01 nov MM david loughridge 1

One of the scores of photos taken by early Meow Wolf member David Loughridge.

A girl sits against an adobe wall smoking a cigarette. A shirtless guy, with a ponytail and tattoos, stands amid an enormous, wooden art installation. Faded, ghostlike figures wander and rest in the streets of Santa Fe.

The photos in the book Of Infinite Space: the Photography of David Loughridge (Meow Wolf Press, $50) memorialize the untimely passing of one of Meow Wolf’s early members while showcasing a selection of his photography from a vast archive.

The book also serves, in part, as a documentation of the Rufina Arts District scene and the early Meow Wolf collective, which started in 2008 as an edgy counter-movement to the traditional art scene for which Santa Fe had become known.

The October book release coincides with a small exhibit of his photography at Photo-Eye Bookstore (1300 Rufina Circle, Suite A-3, 505-988-5152 ext. 201, photoeye.com), which runs through Nov. 30.

In an introduction written by his mother, Lesle Loughridge, she says photography “helped him comprehend the world and his place in it.” She writes of his involvement with the Santa Fe arts community and how he initially came to study photography in Maine. She also notes that he’d suggested to Meow Wolf’s Vince Kadlubek that he contact George R.R. Martin to help fund a permanent space for the art collective, a move that would ultimately become a game-changer. Shortly after, Loughridge died unexpectedly in 2014 from viral pneumonia. He was 33.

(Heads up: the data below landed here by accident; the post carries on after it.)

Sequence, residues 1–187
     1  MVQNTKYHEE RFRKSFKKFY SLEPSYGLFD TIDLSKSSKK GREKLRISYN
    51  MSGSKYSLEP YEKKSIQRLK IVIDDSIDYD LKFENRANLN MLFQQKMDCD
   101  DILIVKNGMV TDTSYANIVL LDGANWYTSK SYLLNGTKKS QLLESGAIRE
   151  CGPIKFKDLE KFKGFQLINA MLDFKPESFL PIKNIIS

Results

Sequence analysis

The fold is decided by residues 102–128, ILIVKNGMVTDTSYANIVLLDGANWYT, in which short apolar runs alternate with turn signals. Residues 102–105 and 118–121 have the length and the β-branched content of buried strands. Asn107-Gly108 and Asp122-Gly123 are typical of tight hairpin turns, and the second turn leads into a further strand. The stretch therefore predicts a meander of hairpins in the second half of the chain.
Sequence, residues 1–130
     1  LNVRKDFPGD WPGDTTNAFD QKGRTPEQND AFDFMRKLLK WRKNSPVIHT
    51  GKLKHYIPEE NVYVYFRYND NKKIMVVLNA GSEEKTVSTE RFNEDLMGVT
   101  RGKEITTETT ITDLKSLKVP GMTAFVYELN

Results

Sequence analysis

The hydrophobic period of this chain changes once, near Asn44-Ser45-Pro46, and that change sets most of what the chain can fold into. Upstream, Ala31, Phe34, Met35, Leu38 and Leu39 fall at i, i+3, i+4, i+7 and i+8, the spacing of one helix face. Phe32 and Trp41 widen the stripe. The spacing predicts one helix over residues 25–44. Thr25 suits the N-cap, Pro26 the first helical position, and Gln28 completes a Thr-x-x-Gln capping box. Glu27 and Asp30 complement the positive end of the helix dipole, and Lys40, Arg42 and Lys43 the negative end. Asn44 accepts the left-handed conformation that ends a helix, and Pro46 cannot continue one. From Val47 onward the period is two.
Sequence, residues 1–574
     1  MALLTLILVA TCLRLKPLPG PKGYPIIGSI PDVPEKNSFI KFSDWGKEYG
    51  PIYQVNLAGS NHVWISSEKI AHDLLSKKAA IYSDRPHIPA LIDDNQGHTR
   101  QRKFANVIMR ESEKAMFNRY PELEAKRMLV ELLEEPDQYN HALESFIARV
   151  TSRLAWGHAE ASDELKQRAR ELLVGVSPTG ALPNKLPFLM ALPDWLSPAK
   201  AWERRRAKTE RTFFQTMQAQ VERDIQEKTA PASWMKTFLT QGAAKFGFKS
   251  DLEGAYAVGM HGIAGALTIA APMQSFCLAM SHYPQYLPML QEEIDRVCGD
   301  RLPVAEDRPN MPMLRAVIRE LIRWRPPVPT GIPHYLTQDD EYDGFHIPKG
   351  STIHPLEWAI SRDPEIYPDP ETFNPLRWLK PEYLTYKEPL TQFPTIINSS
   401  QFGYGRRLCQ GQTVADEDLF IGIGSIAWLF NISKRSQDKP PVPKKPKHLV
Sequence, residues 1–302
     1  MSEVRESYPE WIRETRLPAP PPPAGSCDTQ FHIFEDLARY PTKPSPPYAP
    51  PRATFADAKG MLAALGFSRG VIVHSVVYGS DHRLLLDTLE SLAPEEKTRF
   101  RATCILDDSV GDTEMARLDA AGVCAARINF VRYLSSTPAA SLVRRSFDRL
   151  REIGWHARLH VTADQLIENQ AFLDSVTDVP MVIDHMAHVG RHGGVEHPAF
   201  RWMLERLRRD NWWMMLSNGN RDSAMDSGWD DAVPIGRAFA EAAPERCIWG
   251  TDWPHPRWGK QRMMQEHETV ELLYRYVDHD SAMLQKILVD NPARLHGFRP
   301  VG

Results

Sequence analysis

Lindsey Kennedy, a photographer and former Meow Wolf employee, sifted through binders, two big tubs, and several camera bags full of Loughridge’s negatives and small prints to compile the book.

“Choosing images was really a dialogue with what he had left behind,” she said. She and John Vokoun, the book’s designer, kept a close eye on which frames Loughridge printed over and over, as well as negatives he’d circled or starred. “We tried to find evidence that David was drawn to specific images, to inform the curation whenever possible. That said, I think some of the most poignant work is the portraiture he made casually.”

Some photo grids (or contact sheets) in his binders were printed in the book, and his 2009 solo exhibit at Meow Wolf, Hall of Fools, was reproduced in its entirety, including the show flier and artist statement, in which Loughridge is open about his struggles with bipolar disorder.

In his own words — and handwriting — at the end of the book, Loughridge says, “I remember everything being more beautiful once photographed. Once something.” 

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